Comic Review: New Super-Man #1

The comics industry has come along way. In the past few years, the very public discourse on inclusivity, racism, and sexism have dominated discussions on where the industry needs to go. Narrative devices such as gender/race swapping have long been part of the industry, but have now taken on new meaning as greater sensitivity to underrepresented demographics has not only become the goal, but the new normal. We have seen more female and African American lead protagonists arise over the past few years as a result of this.

However, Chinese protagonists have always been underrepresented. When a Chinese character has been established it was usually as a sidekick and fulfilled some stereotypical role as a martial arts master or mystic. DC Rebirth tries to rectify this with New Super-Man, though I feel as though we start to cross into Orientalism by doing so.

Let me be clear, even the subtitle "Made in China" is a bit provocative. "Made in China" is ubiquitous. It is a symbol of Western Culture while at the same time not being produced by West. When it comes to development and production of Chinese intellectual property and goods as competition to Western brands, they usually carry the moniker "knock-off" with it.

This isn't a "knock-off" Superman book, even though it tries to portray itself as one.

Why aren't you in private school?

The person who will end up being the "New Super-Man" is a young secondary school student named Kenan. Kenan is a bully - In his mind, he is tall, handsome, and deserving of whatever he can take for himself. He routinely picks on his classmate Lixin, who is the son of the CEO of China Southeast Airlines. After one such altercation, Lixin is grabbed by the Chinese supervillain Blue Condor, who has a penchant for kidnapping the kids of rich aristocrats.

Mechanic's in Shanghai are not an underclass.

Kenan finds himself standing up for Lixin: He hits the Blue Condor in the head with Lixin's cola and mouths off to him. This confrontation is caught on video by intrepid reporter Laney Lan, whose internet posting immediately goes viral. Kenan's ego is further massaged as the pretty reporter asks if she can come over for an interview later.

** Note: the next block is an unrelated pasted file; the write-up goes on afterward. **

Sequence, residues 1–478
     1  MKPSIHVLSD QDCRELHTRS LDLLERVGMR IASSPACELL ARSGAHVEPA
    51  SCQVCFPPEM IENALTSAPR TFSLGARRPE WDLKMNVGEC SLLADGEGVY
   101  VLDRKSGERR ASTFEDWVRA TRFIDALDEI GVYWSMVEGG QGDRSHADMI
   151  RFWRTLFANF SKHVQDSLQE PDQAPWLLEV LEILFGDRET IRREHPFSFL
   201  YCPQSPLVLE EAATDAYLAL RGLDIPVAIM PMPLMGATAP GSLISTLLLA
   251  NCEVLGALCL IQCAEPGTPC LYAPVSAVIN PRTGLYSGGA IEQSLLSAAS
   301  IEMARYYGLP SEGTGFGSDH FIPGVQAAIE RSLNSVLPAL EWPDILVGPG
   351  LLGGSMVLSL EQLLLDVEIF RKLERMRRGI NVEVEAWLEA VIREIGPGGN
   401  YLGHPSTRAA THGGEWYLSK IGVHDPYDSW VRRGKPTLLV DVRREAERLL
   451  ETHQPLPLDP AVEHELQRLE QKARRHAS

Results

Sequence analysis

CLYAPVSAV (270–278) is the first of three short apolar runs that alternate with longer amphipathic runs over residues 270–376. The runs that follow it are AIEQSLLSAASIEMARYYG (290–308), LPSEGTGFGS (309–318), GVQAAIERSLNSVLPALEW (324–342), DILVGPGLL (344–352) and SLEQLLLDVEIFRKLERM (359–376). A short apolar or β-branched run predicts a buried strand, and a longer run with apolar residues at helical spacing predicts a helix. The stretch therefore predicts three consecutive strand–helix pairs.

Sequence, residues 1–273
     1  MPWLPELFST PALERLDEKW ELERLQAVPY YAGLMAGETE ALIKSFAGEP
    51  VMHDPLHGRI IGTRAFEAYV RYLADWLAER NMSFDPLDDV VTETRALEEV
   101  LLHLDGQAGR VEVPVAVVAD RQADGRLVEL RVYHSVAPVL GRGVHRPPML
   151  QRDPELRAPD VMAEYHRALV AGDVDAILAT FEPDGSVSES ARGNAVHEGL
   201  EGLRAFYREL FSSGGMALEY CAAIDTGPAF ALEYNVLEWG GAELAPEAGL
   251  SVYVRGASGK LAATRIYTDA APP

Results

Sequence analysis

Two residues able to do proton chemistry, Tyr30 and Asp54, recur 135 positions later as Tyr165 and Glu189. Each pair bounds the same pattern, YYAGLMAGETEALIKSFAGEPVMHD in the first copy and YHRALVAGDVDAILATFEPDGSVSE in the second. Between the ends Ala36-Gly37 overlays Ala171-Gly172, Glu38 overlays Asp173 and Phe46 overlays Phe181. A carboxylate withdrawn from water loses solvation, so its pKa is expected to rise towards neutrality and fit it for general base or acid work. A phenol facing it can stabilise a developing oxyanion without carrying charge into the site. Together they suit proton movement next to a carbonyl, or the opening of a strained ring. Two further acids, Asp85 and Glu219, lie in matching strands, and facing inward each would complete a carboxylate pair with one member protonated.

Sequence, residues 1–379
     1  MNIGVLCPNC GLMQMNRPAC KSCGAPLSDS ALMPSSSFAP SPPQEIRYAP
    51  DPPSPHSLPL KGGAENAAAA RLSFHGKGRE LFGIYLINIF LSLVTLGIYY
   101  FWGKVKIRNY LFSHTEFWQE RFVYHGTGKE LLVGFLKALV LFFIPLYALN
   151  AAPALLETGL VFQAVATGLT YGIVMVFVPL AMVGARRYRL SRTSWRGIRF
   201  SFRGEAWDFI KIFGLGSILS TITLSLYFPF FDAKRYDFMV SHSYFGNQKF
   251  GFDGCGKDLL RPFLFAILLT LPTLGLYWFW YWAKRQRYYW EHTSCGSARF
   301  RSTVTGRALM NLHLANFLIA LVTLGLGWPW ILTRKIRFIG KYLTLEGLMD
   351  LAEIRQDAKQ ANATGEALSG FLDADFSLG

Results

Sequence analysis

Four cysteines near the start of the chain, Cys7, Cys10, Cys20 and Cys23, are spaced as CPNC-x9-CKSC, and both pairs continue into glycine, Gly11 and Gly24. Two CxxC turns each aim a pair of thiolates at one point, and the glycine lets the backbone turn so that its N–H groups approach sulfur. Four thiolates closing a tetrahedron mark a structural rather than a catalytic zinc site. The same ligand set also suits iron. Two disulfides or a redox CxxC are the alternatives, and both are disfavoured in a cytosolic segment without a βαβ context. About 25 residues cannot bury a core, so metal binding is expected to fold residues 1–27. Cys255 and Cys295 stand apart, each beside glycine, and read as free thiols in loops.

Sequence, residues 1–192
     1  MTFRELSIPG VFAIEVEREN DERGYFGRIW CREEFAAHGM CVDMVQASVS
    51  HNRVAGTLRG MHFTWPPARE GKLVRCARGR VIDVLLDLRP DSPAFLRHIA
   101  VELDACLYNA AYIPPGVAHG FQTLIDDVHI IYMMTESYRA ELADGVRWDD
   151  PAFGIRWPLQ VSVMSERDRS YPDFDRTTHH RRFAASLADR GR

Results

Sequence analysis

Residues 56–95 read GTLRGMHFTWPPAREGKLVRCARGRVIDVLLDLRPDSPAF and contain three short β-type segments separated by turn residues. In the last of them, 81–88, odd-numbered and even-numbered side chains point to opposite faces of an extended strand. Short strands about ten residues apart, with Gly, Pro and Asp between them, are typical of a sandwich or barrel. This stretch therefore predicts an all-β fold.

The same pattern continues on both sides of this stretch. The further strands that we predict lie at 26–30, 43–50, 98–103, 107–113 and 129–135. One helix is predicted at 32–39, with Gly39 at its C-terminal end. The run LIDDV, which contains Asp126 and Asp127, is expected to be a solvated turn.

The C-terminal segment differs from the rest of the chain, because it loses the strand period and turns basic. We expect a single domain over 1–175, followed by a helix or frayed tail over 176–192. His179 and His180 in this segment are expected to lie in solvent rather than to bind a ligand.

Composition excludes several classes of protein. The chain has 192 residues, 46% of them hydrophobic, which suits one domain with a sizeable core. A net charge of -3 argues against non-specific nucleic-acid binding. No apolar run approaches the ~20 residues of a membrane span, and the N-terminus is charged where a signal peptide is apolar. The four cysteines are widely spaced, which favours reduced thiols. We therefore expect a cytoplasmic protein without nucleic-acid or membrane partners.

We are getting closer to "knock-off" territory....

Kenan, filled with pride and machismo, takes a cab home using the money Lixin gave him. He figured his father would be happy with him, but is instead given a lecture about responsibility and dedication to a greater cause. This is where we learn about his fathers penchant for believing anti-government rhetoric. 

Feeling saddened by his father's scolding, he visits his mother's grave. She died in an airline crash, the same airline that Lixin's dad is a CEO of. While at his mother's graveside, a mysterious woman approaches him and shows him images of the now-deceased Superman... Images that depict him trying to save the plane his mother was on. She then offers Kenan a chance to gain powers like that of Superman. When asked who she works for, she tells him "The Ministry of Self-Reliance." The same organization that his father opposes. Kenan signs up for the experiment.

The experiment turns out to be a great success. His obvious grief over his mother's death seems to give him the ability to survive the experiment and gain Superman's powers. Kenan, like most adolescents, has a hard time calming down. He doesn't seem to be able to keep everything under control, which is why backup is called in.

knock-off achieved.

Some of the problems I have with this story are the portrayal of the characters; The author, Gene Leun Yang, seems to hint that Kenan has a bit of "little emperor syndrome," even though that role would seem most likely to fall on the child he is bullying instead of him. This is where the cultural divide between Western readership and Chinese social reality might see some strains on credulity.

I also don't think Yang means for it to be a "knock-off" Superman - I think the silly allusions and similar names are just there to put a bemused smirk on the readers face. If it's more than that, then it isn't a subtle point being made about the nature of the superhero industry in China. But the intent aside, it still brings up some uncomfortable caricatures of Chinese life.   

The art is this book is slightly above-average. Viktor Bogdanovic's styling may not be to everyone's taste - It worked well when He drew Nazi Zombie from Hell. I guess I should reserve judgement until he has a chance to draw a greater variety of scenes and action sequences.

While I was not sold on the overall concept yet, I would like to see more until I recommend a pass on this one.

Rating: 7/10 State Owned Heroes